HARD TO IMAGINE THAT CRICKET EPHEMERA FOR THE SOON TO RETIRE MICHAEL CLARKE WILL BE WORTH MUCH IN THE FUTURE. Are we wrong?
Michael Clarke made his first class debut for New South Wales as a seventeen-year-old in the 1999–2000 Sheffield Shield (then called the Pura Milk Cup). At the time he was a student at the Australian Institute of Sport.
Clarke made his One Day International debut in January 2003 against England at Adelaide and his Test debut for Australia in October 2004 against India.
In 2005, Clarke won the Allan Border medal.
The Allan Border Medal is considered to be the most prestigious individual prize in Australian cricket. First awarded in 2000, the medal is named after the former Australian captain and recognises the most outstanding Australian cricketer of the past season as voted by his peers, the media and umpires. Votes are cast after each game on a 3–2–1 basis, with a weighting applied to give both Test and One Day International play. This card marks Clarke winning the medal in 2005. He won the medal again in 2009 (shared with Ricky Ponting), 2012 and 2013.
On 6 January 2008, Clarke dismissed Harbhajan Singh, RP Singh and Ishant Sharma in the second last over of the day, with just eight minutes remaining, to claim the final three wickets and win the Test match for Australia (at one stage he was on a hat trick, dismissing both Singhs on consecutive deliveries). His innings figures were 3 for 5 in 1.5 overs. Australian captain Ricky Ponting had declared that morning, setting India a total of 333 to chase and allowing Australia arguably too little time to bowl out the visitors. Clarke’s wickets ensured that Australia retained the Border-Gavaskar Trophy in 2008 and kept their world record equalling 16 match win streak alive.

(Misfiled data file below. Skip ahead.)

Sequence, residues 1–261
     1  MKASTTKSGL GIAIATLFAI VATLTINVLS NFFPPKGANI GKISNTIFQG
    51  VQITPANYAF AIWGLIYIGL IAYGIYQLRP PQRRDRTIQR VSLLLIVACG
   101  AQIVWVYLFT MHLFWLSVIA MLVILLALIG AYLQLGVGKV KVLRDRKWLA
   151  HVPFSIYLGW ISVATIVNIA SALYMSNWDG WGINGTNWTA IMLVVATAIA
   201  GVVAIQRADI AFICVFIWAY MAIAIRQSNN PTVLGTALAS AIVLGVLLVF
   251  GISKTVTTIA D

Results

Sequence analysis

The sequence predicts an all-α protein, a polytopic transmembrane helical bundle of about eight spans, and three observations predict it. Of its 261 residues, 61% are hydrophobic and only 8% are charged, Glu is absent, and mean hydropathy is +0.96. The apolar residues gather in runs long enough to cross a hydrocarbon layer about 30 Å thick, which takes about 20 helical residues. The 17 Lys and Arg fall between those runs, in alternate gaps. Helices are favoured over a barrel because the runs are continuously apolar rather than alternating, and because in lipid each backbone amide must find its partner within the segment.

After the retirement of Adam Gilchrist, in April 2008 Clarke was named vice-captain of the Australian side. Clarke missed the start of the 2008 tour of the West Indies following the death of partner’s father, meaning Hussey took over as vice-captain for the start of the tour. Soon after Clarke joined up with the squad, he scored a century in the second Test in Antigua, going on to captain the side in the final two One Day Internationals, both of which were won, in the absence through injury of Ponting.
Summary of Clarke’s career from Cricket.com.au:
Clarke’s batting has reached record-breaking levels since taking over as captain, and the summer of 2013-14 saw him lead his side back to the summit of Test cricket.
Imaginative and attacking captaincy has been an impressive feature of Clarke’s reign as skipper, and his leadership qualities were there for all to see during Australia’s Ashes whitewash and series victory in South Africa.
That famous win against the Proteas also included arguably Clarke’s greatest performance as a batsman. The skipper finished unbeaten on 161 at Newlands after bravely surviving a brutal spell from Morne Morkel, with scans later revealing he had played most of the innings with a fractured shoulder.
Having been harshly targeted by some fans when victories were hard to come by, Clarke has successfully turned the tide of public opinion in his favour.
Beyond cards, here is another type of ephemera from Clarke – sticker from a cricket bat.
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